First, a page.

Having grown into a large university comprising many faculties, Toyo University experienced what is known as “campus strife.” After that, the university began to look for a new image as a university so that it would be better able to respond to the needs of Japan and the world that were becoming increasingly internationalized and information-oriented. Toyo University experienced a turning point in 1987 when celebrating its 100th anniversary. We took this special opportunity to reconfirm Enryo Inoue’s educational philosophy—the foundation of Toyo University—based on which we promoted activities to explore our new school philosophy. As we proceed from the Showa era through the Heisei era, our new image as a university is beginning to take shape.
A new series of educational reforms have also been underway, including establishment of the International Exchange Center (1987), redevelopment of the Hakusan Campus so that it can be revitalized as an urban-centered university (1990), founding of the Inoue Enryo Memorial Center (1990), opening of evening graduate courses (1994), establishment of the Faculty of Global and Regional Studies and the Faculty of Life Sciences at the Itakura Campus, Gunma (1997), founding of the Bio-Nano Electronics Research Center (1997), and introduction of the information network system “Toyo Net” (1998). These events were followed by the founding of the Law School (2004), the concentration of all courses offered by the five humanities faculties for the four year undergraduate program to the Hakusan Campus, establishment of the Faculty of Human Life Design at the Asaka Campus, opening of the Inoue Enryo Memorial Museum (2005), establishment of the Hakusan 2nd Campus and relocation of the Law School there, and opening of the Otemachi Satellite (2006). In October 2008, Toyo University held a memorial lecture in commemoration of the 150th anniversary of the birth of its founder Enryo Inoue, which served as an opportunity to enable many more people know about the history and current status of Toyo University. In 2009, the university established the Faculty of Science and Engineering (reorganized from the Faculty of Engineering) and the Faculty of Information Sciences and Arts at the Kawagoe Campus, and relocated the Faculty of Regional Development Studies to the Hakusan 2nd Campus.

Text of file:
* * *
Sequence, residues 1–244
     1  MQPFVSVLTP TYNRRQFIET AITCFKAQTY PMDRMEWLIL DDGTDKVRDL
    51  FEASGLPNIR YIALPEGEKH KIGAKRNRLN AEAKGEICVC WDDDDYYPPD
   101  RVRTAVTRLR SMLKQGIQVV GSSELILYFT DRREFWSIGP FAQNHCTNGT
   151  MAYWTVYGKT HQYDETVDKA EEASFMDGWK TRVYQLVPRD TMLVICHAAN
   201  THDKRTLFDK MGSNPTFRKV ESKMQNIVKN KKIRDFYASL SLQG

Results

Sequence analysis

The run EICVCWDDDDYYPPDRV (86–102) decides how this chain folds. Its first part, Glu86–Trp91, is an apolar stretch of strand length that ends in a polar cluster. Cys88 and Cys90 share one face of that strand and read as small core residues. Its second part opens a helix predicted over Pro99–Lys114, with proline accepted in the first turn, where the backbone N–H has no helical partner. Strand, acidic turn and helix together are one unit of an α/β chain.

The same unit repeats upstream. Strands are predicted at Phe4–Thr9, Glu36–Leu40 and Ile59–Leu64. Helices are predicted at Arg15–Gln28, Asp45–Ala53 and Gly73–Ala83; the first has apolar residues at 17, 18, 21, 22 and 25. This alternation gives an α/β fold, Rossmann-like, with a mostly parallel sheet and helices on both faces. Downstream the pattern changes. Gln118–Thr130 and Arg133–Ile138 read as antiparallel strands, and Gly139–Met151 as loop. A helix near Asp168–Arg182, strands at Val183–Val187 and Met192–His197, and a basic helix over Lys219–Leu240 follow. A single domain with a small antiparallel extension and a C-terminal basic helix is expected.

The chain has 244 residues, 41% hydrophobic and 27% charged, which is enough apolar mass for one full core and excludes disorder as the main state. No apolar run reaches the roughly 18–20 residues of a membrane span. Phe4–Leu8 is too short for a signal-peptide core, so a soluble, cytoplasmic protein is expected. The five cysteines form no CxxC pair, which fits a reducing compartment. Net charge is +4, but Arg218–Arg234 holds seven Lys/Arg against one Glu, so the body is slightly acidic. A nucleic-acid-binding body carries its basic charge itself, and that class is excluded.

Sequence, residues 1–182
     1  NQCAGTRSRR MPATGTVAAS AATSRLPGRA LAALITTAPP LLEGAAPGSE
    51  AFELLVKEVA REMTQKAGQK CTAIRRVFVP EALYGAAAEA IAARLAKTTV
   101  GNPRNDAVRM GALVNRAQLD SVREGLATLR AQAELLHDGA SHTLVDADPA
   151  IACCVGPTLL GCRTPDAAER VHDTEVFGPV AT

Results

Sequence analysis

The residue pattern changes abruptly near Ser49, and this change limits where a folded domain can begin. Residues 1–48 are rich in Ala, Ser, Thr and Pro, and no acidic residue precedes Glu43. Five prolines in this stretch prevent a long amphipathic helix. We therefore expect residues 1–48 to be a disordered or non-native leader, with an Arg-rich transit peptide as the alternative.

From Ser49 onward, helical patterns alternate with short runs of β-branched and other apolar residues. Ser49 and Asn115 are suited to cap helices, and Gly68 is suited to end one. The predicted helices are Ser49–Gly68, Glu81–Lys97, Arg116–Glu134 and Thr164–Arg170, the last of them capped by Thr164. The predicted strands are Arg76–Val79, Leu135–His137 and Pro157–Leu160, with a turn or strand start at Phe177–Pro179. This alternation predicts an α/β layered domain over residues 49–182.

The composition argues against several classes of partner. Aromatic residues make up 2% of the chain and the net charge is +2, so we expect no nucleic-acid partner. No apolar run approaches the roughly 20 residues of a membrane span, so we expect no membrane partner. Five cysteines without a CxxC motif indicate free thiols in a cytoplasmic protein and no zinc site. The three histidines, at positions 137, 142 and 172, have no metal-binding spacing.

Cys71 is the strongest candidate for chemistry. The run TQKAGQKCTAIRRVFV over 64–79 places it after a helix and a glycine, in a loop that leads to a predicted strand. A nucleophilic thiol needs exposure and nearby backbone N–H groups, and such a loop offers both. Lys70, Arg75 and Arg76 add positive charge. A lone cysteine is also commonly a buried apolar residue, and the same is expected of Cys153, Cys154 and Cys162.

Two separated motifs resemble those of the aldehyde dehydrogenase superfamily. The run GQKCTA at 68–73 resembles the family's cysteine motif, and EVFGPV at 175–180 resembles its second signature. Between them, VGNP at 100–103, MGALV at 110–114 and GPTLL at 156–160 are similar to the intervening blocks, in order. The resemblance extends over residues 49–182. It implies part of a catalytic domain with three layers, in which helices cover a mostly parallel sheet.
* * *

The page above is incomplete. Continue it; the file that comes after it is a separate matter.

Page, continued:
In 2012, in commemoration of the 125th anniversary of its founding, the 125th Anniversary Memorial Building (Building No. 8) was completed at the Hakusan Campus. The Faculty of Regional Development Studies and the Law School were relocated to the Hakusan Campus. In 2013, the Faculty of Food and Nutritional Sciences was established at the Itakura Campus and the Department of Eastern Philosophy and Culture was established in the Faculty of Letters by integrating and reorganizing the Department of Indian Philosophy and the Department of Chinese Philosophy and Literature. Through these efforts, Toyo University has opened up even more diverse learning opportunities as a comprehensive university.
In 2014, Toyo University was selected as a Type B university under the Top Global University Project carried out by the Ministry of Education, Culture, Sports, Science and Technology (MEXT), accelerating its drive to “global talent” who are expected to play active roles and create new values in the international arena. In 2017, Toyo University established three faculties and four departments, namely, the Faculty of Global and Regional Studies (the Department of Global Innovation Studies and the Department of Regional Development Studies), the Faculty of International Tourism Management (Department of International Tourism Management), and the Faculty of Information Networking for Innovation and Design (Department of Information Networking for Innovation and Design). Also, the university founded the Department of International Culture and Communication Studies in the Faculty of Letters. Additionally, the Akabanedai Campus was opened in Kita-ku, Tokyo, as a campus for students of the Faculty of Information Networking for Innovation and Design.